First of all before we consider whether we all need any anonymity online, then lets first think about what the current position is. There is a common misconception that as you sit in the privacy of your home, casually surfing the web that you have some modicum of privacy. No one really knows what web sites you visit, what videos you watch, emails you send and messages you post to forums.
Well I’m afraid that’s completely wrong, you have pretty much zero privacy by default. Everything you do online is potentially monitored and definitely logged.
Here’s the deal – there are specific reasons why you have no anonymity –
HTTP – Hyper Text Transfer Protocol
A fantastic invention, a way for different web servers and clients to communicate with each other. It is a fast, efficient protocol – a very basic language where you can request a web page or item and the web site can respond and deliver it to you. Without doubt it has been a major contributor to the popularity of the world wide web, but it has some security flaws. In fact it has no concept of security at all, it’s all in clear text so can be intercepted and read with ease.
ISP – Logs
For privacy reasons this is probably the major concern, you see sitting in your ISPs datacenter are logs of everything you do online. Each web site you visit, every video you watch, email you send and picture you download – it’s all there and linked to your account. If you like it’s a complete and total record of absolutely everything you do online. Did I drink a bottle and a half of Shiraz last month and watch the Kylie Minogue Agent Provocateur Video six times, well there is a list at my ISP and available saying exactly what I did online (although the Shiraz part is my little secret). Needless to say this is the first place any official person would look if they wanted to see what you did online. These logs are routinely accessed without your knowledge by lawyers, governments, agencies, police forces. For instance the previous UK government were embarking on a project to put all these logs in a central database so they could be accessed even easier – from the desktop of your local government official for example! – UPDATE – recent events suggests that in the UK and the USA, the intelligence agencies didn’t wait to access this information they simply made copies via projects like PRISM.
It’s just a little set of numbers that allows you to communicate over the internet. Well yes, but it’s also a set of numbers that can identify your exact location and the computer you are sitting at. If you’re using your home computer the number is linked with whoever pays the internet bill. To illustrate this I’ll describe a recent event, this is becoming extremely common and illustrates our lack of privacy
This particular example is from Europe (although it’s happening a lot in the US as well), where many media and publishing companies are attempting to recoup lost revenue from their films and music being shared online. To do this they have engaged various legal firms to force ISPs to hand over the names and addresses of people who have downloaded their films or music over the internet. The ISPs have of course are easily able to satisfy this request and will send the lawyers names and addresses of anyone who has downloaded a particular film for example. The lawyers then send demands to all these people offering an out of court settlement or a threat that it would be taken to court. Here’s a link to the initial story – ACS Law firm Pursues Downloaders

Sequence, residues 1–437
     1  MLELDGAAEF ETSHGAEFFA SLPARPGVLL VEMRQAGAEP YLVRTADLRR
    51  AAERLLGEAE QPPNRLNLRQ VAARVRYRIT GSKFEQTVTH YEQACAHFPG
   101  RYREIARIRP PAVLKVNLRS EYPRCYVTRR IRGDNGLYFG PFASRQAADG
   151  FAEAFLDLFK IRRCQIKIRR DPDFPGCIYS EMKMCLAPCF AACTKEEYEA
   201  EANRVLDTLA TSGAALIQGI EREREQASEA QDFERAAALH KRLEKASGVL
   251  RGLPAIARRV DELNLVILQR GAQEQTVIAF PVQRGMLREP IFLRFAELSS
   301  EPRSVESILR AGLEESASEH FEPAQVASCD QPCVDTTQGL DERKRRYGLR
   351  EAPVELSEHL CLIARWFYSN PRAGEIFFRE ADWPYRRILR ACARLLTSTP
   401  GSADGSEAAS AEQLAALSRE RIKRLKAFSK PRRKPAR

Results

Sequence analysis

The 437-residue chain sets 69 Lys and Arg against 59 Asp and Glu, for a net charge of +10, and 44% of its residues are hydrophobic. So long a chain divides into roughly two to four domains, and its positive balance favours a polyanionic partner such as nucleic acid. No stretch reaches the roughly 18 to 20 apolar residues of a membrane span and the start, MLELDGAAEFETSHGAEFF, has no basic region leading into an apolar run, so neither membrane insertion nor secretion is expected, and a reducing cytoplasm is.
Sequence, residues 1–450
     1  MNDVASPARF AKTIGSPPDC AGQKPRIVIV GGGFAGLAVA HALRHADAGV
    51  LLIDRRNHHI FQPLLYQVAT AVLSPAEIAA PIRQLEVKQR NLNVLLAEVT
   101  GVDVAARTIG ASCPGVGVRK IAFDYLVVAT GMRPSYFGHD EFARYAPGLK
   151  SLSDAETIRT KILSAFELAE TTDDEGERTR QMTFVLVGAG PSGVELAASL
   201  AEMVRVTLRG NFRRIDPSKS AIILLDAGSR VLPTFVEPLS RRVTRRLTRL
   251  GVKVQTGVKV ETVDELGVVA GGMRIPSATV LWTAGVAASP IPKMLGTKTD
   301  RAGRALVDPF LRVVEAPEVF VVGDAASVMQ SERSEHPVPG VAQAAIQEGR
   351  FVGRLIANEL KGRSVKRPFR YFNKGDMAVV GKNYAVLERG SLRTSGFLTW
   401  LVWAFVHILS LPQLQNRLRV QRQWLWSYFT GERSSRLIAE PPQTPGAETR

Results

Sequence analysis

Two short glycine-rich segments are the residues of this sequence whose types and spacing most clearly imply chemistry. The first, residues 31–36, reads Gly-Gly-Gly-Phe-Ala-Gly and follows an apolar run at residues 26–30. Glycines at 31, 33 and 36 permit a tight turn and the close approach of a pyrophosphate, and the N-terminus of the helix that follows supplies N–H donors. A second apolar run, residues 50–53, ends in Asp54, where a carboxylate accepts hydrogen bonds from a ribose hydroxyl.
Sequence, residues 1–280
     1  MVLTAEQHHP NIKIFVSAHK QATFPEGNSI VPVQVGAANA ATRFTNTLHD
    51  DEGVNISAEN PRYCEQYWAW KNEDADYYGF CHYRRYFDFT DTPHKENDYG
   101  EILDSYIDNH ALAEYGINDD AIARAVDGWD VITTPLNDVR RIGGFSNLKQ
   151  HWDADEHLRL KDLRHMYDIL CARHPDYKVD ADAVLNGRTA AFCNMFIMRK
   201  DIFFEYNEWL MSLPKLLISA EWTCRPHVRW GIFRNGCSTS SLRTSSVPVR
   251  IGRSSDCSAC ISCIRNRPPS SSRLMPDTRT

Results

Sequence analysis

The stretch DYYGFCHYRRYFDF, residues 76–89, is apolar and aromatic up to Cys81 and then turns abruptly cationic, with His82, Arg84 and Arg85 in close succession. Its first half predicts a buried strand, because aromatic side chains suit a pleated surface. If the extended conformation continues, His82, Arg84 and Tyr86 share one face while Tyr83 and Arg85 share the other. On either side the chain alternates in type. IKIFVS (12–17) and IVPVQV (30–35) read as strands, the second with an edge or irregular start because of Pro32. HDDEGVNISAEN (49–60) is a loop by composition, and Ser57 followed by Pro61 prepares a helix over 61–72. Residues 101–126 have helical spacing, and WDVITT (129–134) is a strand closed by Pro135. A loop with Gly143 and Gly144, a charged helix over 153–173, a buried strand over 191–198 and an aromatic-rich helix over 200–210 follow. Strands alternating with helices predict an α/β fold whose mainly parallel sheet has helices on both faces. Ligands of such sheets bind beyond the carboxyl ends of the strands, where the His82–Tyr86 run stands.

So Why Does it Matter ?
Blocked By Hulu, Pandora or the BBC
This is probably one of the biggest reasons that people try and hide their location online. A few years ago the internet was pretty much open, I could access the same websites and content as anybody else in the world. But now big business is moving in as the media companies are supplying incredible amount of content online. Hulu is amazing – thousands of shows streamed online for free, BBC Iplayer provides arguably the best programmes in the world all without a single advert and Pandora a music lovers dream. But whether you can access these or thousands of other media sites depends on your location (or more specifically the location of your IP address). Hulu and Pandora are blocked to anybody who doesn’t have a US address, BBC blocks non-UK addresses – every main media site blocks international access.
It’s all kind of sad but has led to a huge rise in popularity of VPN/Proxy based software. These protect your location and enable to access to these sites – the professional networks like . have servers all across the world – allowing you to select a Canadian one to watch Canadian TV, then switching to a US IP address or UK when you want to watch UK TV like the BBC.
Whether this is an issue for you is again dependent upon where you live. Many of the middle eastern and African countries are heavily censoring the internet access, in Thailand literally thousands of sites are blocked, Turkey has filtered many gay and lesbian sites plus hundreds of others. Any social media or discussion site is at risk from many governments who won’t allow criticism of the ruling party or regime. Even many democratic nations like Australia have embarked on policies to filter or censor the country’s internet feed for one reason or another. Of course at least in Australia you at least won’t have to worry about being thrown in jail if you blog or criticise the government – a fate that has succumbed to thousands of people in countries like Burma, Syria, Iraq, China and a host of others.
The need or requirement for anonymity varies across the planet – for myself in reality it’s a matter of protecting my privacy and allowing me to watch any media site like Hulu or the BBC (or my favorite through the French VPN – M6 Replay). But for many it is a necessity to protect their well being from despotic and brutal regimes.
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